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Giampaolo Lo Conte
Giampaolo Lo Conte

World Economic Forum 2016, interview with Giampaolo Lo Conte

Generico - Multiargomento > Recently awarded with an honorary degree in Finance, baron Giampaolo Lo Conte was one of the Italians attending the annual meeting of the World Economic Forum in Davos-Klosters, Switzerland. Among the white mountains of this charming town in the middle of the Alps, the world's tycoons gathered along with entrepreneurs, researchers and opinion leaders of the financial sector.

Giampaolo Lo Conte works as a broker in Europe and the United States; he has a deep understanding of the import-export procedures and a great passion for financial markets. "If I were not passionate about these topics, I would not be at the World Economic Forum in 2016 - Giampaolo Lo Conte told us as we reached him via chat for this short interview. He described us the idea the most important economists of the world have about Italy.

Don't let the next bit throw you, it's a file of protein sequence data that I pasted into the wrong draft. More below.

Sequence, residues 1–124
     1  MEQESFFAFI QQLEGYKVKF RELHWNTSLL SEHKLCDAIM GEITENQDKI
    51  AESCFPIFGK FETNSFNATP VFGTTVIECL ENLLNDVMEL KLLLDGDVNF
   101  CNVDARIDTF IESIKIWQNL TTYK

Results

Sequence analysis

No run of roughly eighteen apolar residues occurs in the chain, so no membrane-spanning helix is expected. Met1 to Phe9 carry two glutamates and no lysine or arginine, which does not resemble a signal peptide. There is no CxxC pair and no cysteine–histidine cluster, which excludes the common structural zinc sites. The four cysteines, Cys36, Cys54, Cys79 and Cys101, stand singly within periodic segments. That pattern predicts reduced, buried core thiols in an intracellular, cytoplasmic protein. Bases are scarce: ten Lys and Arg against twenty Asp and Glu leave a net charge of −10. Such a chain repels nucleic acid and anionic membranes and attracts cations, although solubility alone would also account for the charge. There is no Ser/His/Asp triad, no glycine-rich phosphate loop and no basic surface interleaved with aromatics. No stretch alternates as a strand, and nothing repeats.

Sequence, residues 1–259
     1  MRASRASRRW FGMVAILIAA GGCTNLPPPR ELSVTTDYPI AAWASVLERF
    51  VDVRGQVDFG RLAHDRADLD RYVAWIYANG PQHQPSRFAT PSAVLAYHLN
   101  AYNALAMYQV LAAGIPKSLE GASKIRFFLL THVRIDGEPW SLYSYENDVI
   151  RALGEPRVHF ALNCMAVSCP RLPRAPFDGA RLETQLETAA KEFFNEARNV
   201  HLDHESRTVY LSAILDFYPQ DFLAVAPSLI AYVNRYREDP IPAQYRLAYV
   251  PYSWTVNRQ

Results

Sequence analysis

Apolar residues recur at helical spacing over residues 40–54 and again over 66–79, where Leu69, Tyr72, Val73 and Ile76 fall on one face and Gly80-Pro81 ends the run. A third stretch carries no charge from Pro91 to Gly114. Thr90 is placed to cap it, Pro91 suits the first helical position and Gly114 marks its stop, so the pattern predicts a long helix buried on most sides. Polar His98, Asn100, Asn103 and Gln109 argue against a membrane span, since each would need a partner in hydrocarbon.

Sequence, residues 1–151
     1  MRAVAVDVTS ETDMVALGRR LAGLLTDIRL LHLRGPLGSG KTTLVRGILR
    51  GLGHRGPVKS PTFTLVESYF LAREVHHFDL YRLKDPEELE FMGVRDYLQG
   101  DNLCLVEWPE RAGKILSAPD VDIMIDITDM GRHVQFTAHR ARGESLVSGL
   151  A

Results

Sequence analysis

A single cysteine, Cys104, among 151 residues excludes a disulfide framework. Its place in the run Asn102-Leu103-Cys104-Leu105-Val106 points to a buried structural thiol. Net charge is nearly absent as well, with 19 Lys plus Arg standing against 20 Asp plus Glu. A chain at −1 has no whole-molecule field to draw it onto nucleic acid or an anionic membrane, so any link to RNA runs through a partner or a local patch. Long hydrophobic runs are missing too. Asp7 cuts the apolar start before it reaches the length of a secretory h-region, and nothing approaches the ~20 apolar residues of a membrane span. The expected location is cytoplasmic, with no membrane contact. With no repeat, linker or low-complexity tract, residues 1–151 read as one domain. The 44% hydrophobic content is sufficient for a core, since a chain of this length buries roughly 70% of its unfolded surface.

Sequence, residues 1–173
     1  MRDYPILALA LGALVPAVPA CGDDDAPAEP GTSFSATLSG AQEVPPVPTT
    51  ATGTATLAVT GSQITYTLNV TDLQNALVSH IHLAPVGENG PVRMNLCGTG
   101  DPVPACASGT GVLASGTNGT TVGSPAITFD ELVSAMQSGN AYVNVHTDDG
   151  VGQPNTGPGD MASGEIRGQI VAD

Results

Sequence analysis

"The picture they have is not that good, and this is due to the fact that all studies referring to Italy show that we do not give proper value to our talent. I’ll try to explain better: economists attribute a score ranging from 0 to 100 to the ability of a country to exploit its human capital. The score changes depending on the age group: on the 0 to 14 years old category our score is 93/100; referring to the segment of population between 15 and 24 years old, the score plunges to 72/100, and then it readjusts at 74/100 for the segment aged 25 years and older. This means that the talent we are born with dissolves in the later stages of our lives. These scores set the base for the "Human Capital Index" ranking, where we hold the 34th place out of 130 ranked countries." It’s pointless to dwell on the common clichés that have filled the newspapers for the last years, or even decades: brain drains, family holdings system, bureaucracies, and so on. There is one question, though, that we want to ask Giampaolo Lo Conte: can investing in young people be a solution for this dysfunction?: "Absolutely, but I do not think the burden should lie on companies: it is the government that must first f is your new free blog, REGISTER FOR FREE!

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